“Dollars down the penny drain/Frozen in the Clouds/Dream away the last pain/In waterfalls of sound” amazing lyrics from a young man who’s been listening to the music of Renaissance which features the legendary vocals of Annie Haslam. For me, I’m a huge fan of the Annie Haslam-era and their fourth album, Ashes Are Burning, released in 1973 is one of the most elegant albums I’ve listened to. If you love Yes, then this band you definitely need to check out. Their albums from 1972 to 1979 are just prominent, melodic, enthusiasm, and emotional if you want to enjoy the music. For example, the opening number on Ashes Are Burning, Can You Understand? starts off in a dynamic forceful energy with a symphonic orchestra along with a grand baby piano that begins with a dramatic feel while Jon Camp is doing Chris Squire on his bass doing an unbelievable bass solo and then the harmonizing vocals coming in as the crisped sounds of the acoustic guitar come in strumming as Annie sings like an angelic figure. She has this soprano voice like no other – different than the influential sounds of Christina Booth of Magenta fame – as the music becomes very up and down beats as she is like the narrator telling the story to a young audience about the lifetime sunshine and love coming through the open air as the instruments including a string quartet come upon her match like a magnetic beam as they match well out of the magic they’ve created.
Let it Grow is very lukewarm in a folksy ballad that takes on the first side of the album. It deals with the situation on the finding the right key on who is the real person inside and being free on who you are in which Haslam sings the line ‘Spending days just holding hands and feeling free/play around, watch the sunshine coming through/come around, stay around, watch the loving grow around you’. The lyrics are spot on and it’s almost like a Fairy tale story and motivated – all of the above. On The Frontier is an homage to the Strawbs with a small appearance of the Moog coming in with a Bebop Jazz take right in the midsection while it has a classical technique as it talks about a group of people living in the settled area outside of the country looking for a new day and the seeds of yesterday are breaking through to the listener and joining the day in a new beginning for the frontiers to search for a new land.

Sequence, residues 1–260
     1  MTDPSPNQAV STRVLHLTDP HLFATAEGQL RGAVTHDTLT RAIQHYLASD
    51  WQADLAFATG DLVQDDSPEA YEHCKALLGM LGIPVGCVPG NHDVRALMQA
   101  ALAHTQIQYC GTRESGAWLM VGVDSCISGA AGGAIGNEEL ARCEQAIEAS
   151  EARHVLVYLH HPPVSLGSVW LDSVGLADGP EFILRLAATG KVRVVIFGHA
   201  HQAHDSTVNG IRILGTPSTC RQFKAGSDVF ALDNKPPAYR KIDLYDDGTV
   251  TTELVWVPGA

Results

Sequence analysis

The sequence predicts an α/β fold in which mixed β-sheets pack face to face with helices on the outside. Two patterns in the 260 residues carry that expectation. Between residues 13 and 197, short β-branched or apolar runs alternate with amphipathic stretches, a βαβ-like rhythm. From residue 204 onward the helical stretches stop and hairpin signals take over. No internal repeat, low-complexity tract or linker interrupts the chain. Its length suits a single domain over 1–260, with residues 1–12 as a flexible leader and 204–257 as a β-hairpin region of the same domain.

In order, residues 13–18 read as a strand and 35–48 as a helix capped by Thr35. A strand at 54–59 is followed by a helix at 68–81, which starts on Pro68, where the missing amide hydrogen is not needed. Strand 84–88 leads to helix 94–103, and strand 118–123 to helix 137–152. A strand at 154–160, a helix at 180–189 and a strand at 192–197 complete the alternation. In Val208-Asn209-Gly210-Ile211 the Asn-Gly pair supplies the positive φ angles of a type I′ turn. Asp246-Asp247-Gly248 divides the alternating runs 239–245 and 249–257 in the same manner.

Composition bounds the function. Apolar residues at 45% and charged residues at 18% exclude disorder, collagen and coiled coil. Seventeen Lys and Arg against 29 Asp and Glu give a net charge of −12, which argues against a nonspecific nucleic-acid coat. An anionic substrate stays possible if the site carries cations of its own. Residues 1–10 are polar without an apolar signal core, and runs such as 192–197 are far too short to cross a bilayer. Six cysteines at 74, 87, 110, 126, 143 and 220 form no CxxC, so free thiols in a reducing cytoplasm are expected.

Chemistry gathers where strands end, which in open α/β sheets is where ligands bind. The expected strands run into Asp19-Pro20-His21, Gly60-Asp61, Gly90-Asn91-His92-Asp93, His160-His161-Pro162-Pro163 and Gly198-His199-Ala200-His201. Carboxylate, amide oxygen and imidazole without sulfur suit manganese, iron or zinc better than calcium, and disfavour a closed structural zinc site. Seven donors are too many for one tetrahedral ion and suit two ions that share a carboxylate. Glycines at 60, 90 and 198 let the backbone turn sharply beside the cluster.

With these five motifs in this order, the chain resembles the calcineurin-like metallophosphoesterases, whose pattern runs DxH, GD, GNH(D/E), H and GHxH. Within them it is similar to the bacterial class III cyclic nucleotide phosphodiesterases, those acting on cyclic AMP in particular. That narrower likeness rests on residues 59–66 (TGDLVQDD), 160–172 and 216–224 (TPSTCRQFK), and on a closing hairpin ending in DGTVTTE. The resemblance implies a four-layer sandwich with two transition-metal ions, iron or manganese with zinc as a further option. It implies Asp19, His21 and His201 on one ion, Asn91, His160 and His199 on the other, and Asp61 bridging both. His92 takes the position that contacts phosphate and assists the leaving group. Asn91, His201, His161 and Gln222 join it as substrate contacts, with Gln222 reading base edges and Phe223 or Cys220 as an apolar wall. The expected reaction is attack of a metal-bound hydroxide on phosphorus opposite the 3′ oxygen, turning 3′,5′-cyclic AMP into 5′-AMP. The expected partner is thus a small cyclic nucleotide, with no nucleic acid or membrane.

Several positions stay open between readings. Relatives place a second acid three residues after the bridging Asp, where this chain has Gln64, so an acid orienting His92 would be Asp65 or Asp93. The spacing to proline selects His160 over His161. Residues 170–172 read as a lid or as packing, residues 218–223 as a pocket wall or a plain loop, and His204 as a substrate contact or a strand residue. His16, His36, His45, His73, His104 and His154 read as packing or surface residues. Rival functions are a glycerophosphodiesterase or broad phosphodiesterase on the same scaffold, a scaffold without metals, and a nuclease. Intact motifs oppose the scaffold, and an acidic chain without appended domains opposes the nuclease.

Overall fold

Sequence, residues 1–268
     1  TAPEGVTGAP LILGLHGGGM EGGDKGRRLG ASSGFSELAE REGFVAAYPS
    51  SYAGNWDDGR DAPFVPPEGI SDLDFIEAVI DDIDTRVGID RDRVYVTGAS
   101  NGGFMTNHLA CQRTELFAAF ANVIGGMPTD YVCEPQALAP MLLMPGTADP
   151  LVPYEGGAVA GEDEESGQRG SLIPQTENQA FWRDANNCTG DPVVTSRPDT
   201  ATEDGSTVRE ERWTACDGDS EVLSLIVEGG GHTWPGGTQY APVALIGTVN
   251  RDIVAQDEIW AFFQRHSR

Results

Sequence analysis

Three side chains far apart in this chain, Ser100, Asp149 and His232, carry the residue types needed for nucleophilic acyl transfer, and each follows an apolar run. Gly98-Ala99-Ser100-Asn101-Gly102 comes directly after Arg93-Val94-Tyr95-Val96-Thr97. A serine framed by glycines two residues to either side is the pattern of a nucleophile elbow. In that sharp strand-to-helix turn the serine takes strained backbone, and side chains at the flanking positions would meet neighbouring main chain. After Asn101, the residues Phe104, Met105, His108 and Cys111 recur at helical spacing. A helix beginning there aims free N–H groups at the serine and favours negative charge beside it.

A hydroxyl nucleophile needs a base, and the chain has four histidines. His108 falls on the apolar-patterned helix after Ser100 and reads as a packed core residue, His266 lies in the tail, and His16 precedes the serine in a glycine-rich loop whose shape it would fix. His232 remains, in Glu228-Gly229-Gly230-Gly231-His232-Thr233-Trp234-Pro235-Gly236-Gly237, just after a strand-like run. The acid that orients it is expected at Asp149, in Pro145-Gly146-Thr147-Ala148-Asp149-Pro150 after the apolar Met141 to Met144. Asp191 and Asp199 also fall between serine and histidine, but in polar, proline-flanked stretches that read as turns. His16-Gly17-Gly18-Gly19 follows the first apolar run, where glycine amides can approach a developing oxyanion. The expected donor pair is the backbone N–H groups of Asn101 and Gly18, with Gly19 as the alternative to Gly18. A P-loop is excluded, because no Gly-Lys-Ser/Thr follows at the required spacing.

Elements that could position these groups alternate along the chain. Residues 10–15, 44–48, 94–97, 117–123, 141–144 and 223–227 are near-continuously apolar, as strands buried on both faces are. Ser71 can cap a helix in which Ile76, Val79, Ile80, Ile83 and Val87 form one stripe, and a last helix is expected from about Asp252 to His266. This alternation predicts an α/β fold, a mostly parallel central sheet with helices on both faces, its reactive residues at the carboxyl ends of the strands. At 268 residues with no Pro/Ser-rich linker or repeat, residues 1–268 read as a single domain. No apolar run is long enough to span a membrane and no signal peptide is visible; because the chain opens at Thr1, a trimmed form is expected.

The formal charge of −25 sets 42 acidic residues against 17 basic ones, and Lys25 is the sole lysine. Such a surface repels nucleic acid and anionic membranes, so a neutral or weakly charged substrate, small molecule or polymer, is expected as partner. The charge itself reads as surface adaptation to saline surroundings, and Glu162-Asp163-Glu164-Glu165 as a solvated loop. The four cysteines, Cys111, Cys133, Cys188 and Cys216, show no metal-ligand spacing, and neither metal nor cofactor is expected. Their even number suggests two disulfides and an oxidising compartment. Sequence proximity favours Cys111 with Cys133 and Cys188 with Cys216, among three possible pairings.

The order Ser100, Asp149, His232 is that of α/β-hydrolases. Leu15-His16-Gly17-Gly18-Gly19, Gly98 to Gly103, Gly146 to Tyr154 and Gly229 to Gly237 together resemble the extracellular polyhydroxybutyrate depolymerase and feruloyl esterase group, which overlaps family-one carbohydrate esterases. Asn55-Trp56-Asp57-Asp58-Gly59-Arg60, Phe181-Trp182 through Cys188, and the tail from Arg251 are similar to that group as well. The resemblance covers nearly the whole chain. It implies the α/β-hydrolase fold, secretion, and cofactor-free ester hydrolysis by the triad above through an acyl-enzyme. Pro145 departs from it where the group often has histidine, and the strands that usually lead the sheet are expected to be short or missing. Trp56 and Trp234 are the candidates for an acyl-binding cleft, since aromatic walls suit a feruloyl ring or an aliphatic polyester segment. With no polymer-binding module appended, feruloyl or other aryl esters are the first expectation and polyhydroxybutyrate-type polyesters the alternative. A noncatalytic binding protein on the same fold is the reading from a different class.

Carpet of the Sun which has become a live favorite for the band including an storming performance at Carnegie Hall in New York City recorded in 1976, has a moderately warm beat. The line was taken from Betty Thatcher who wrote the lyrics for this album, based it on a children’s question about her grassy lawn. This has another homage to the Strawbs again with an emotional ballad while men who saw the group perform were fighting back tears during the piece while At The Harbour which talks about their wives waiting for their fishermen to come home during a disastrous storm that was about to hit them. Anyway, this has a classical guitar beauty done by John Camp while Annie sings in a mournful away about the fishermen in a funeral momentual piece as if it was a traditional folk hymn including an somber organ sound which sets the scenery of the harbour. The finale of all finales which is also another live favorite, the 11-minute title track that is one of their most magnum opus in a haunting arrangement and composition.
Even though it has a lot of surprises including a bass solo, piano, organ and a dynamic time signature that goes different beats per measure, it might be impossible to do the piece again for them if they want to do another reunion one more time. If you love to get into Renaissance’s music, then Ashes Are Burning is a starter to get you going.